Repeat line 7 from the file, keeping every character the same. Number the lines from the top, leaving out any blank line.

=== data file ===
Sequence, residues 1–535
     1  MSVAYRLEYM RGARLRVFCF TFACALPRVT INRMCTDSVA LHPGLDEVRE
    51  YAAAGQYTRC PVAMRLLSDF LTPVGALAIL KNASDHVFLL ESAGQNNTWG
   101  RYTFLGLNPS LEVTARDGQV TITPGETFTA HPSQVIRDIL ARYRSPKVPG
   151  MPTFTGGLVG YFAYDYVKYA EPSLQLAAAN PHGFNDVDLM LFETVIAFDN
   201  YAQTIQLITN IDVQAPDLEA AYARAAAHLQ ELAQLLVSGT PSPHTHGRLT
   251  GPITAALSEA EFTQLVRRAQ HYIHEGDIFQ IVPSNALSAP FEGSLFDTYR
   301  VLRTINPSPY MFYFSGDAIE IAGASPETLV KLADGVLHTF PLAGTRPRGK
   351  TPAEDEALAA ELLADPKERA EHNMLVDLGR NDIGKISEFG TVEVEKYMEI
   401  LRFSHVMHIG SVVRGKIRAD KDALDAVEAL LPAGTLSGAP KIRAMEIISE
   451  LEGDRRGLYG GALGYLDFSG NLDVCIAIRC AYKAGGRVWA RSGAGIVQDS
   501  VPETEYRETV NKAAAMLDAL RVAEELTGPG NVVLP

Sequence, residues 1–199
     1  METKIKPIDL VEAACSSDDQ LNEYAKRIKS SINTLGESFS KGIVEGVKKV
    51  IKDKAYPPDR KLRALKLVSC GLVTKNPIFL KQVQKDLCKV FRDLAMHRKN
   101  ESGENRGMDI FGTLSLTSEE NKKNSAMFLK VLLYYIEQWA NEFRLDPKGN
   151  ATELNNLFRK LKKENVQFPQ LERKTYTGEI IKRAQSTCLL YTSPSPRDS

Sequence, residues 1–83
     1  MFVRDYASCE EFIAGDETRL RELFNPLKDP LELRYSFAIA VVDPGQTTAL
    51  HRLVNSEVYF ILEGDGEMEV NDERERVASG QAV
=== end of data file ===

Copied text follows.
   251  GPITAALSEA EFTQLVRRAQ HYIHEGDIFQ IVPSNALSAP FEGSLFDTYR